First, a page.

13 replies on “Taking the Mobile Industry Review show to Kabul, Tehran and Pyongyang”

Oh that wouldn't work — taking our phones OFF us … I'd be happy to agree not to ShoZu anything without getting the minder's approval though.

That's if they even have a data network in North Korea? My knowledge of the place is strictly limited!

Interesting, some news reports depict Kabul as a warzone… others make it sound like an appealing tourist destination!

I'd prefer to avoid the middle-east though!

I’d imagine Tehran would be very do-able logistics-wise and the authorities fairly welcoming. Pyongyang is open to Western tourists but from what I remember reading (from those that have gone) you have to put your name down on a waiting list and once there you have a minder at all times and, um, phones are taken off you! 😀

We at MegaFon Moscow did actually bid for the GSM license in Iran, and some people from the team have travelled there – without any problems. Tehran is in fact extremely interesting and not that bad as portrayed in media. Before revolution it was called “asian Paris”, did you know that?

The real fun was to order some research papers covering Iran from one London-based agency. Imagine the scene: some Russian guy (me) calls the agency and asks for a report. Then he asks if the bank transfer is OK. The nice lady on the other end of the line says it is fine. Than he asks whether they will accept the money from the Tehran-based bank… Hearing that loooong pause was priceless.

It is so pity our shareholders decided to not to participate in the license auction.

In case you need to look at some country close to the edge of nowhere – what about Tajikistan? They had 6-years long civil war, share common border with Afganistan, and we, crazy Russians (and some crazy Finnish guys from Sonera) are building 3G networks there 🙂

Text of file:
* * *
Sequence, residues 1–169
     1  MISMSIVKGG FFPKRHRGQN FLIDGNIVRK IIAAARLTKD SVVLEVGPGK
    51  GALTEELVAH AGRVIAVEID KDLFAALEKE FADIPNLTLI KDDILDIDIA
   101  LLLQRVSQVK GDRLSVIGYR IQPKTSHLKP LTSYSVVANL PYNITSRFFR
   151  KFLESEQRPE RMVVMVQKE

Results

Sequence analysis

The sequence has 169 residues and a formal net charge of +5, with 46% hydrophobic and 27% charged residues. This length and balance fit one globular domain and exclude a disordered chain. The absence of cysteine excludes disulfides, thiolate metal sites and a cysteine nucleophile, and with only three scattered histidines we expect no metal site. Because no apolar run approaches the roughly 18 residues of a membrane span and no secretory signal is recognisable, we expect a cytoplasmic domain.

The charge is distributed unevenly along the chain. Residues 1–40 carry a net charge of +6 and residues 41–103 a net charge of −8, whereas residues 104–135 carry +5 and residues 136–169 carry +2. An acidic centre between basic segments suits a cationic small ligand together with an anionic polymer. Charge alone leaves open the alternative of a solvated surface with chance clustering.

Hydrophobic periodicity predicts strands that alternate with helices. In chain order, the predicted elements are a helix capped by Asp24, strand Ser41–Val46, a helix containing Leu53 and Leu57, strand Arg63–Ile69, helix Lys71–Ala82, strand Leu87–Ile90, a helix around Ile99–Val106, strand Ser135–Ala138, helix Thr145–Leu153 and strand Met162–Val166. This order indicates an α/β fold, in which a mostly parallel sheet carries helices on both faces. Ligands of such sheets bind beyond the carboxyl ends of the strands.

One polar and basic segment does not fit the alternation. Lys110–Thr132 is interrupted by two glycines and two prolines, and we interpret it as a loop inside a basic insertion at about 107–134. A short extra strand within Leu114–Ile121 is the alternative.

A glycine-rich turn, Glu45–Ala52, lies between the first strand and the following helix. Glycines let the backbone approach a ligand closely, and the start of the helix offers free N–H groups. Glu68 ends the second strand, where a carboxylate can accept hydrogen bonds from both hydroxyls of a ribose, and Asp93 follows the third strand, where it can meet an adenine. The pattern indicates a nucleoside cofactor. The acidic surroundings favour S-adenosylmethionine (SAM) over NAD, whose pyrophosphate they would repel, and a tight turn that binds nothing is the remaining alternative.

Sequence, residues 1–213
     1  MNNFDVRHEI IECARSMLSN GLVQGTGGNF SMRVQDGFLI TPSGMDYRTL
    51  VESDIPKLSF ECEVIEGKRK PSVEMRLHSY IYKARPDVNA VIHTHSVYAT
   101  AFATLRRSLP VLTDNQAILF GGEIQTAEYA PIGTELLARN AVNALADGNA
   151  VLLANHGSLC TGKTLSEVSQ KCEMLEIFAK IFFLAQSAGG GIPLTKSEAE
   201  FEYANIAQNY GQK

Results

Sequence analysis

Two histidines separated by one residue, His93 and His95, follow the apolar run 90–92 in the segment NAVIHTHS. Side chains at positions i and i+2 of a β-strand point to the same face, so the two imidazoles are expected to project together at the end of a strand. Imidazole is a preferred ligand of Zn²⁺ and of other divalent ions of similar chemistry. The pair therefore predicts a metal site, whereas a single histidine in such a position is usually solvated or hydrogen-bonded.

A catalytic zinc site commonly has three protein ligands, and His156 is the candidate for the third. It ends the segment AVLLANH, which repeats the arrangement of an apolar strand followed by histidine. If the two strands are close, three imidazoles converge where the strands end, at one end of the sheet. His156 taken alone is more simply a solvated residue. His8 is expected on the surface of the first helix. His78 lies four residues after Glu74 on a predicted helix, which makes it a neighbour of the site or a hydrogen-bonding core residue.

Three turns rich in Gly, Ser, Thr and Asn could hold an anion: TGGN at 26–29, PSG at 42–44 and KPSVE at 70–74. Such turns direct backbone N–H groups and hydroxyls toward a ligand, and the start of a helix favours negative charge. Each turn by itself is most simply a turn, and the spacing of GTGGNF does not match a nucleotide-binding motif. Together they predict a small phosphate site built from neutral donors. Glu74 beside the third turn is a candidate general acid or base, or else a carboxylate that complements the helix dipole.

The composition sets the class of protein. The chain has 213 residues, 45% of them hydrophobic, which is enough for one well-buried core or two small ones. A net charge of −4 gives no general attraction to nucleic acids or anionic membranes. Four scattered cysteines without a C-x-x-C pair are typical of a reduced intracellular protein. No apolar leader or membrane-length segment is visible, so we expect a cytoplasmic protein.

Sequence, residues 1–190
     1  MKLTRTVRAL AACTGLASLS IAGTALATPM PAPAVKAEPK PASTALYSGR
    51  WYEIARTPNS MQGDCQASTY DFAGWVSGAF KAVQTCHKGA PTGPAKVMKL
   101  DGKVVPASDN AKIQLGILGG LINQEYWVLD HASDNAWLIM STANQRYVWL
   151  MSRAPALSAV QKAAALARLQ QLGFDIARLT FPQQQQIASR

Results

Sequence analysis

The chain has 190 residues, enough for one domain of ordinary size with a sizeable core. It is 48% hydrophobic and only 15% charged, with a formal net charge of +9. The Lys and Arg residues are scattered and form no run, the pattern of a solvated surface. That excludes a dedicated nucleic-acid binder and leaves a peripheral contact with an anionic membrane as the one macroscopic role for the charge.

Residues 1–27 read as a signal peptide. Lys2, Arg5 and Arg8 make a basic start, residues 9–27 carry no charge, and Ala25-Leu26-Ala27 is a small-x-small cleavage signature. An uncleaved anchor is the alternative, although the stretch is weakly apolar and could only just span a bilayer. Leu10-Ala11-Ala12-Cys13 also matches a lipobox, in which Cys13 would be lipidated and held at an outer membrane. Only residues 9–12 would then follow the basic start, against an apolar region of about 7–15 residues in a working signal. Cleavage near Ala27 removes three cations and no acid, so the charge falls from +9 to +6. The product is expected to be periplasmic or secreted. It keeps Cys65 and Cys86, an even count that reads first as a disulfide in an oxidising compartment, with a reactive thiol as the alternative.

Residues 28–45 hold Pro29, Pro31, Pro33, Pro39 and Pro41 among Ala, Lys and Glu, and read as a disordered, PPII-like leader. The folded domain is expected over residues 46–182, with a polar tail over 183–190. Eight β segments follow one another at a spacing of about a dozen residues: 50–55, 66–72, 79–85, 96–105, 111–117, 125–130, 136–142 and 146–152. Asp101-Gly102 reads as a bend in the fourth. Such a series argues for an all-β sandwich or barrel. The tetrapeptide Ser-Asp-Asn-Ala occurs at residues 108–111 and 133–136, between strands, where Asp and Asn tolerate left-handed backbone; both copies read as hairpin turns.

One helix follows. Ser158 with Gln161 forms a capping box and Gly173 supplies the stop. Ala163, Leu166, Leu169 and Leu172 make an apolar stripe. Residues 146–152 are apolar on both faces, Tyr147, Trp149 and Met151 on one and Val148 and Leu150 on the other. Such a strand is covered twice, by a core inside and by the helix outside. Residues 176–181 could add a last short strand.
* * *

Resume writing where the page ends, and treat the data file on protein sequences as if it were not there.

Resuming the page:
I have been all round the middle east and you will be treated like royalty wherever you go.

@ Sanja, wasn't Beirut also called the Paris of the East

As an Iranian, I can tell you that Tehran is the most practical choice. You'll be actually really surprised to see the mobile arena there. Nokia S60 runs supreme there. GPRS has only been recently deployed there. The price is 14.8 Iranian Rials/KB (~10000 Rials = $1US) at peak times, and 4 IR Rials/KB during off peak times. Everybody complains about the quality of the network. Just one thing to keep in mind, you're not gonna be able to hold a MIR meetup and have “drinks” served, but besides that everything should be smooth.

Echoing the comments above – I think that a trip to Tehran could be quite entertaining – just as long as the US and Israeli Armed Forces manage to prevent themselves from unleashing waves of 'precision guided ordnance' around the place. I have personal experience of the mess that US Navy cruise missiles can make of GSM infrastructure!

Echoing the comments above – I think that a trip to Tehran could be quite entertaining – just as long as the US and Israeli Armed Forces manage to prevent themselves from unleashing waves of 'precision guided ordnance' around the place. I have personal experience of the mess that US Navy cruise missiles can make of GSM infrastructure!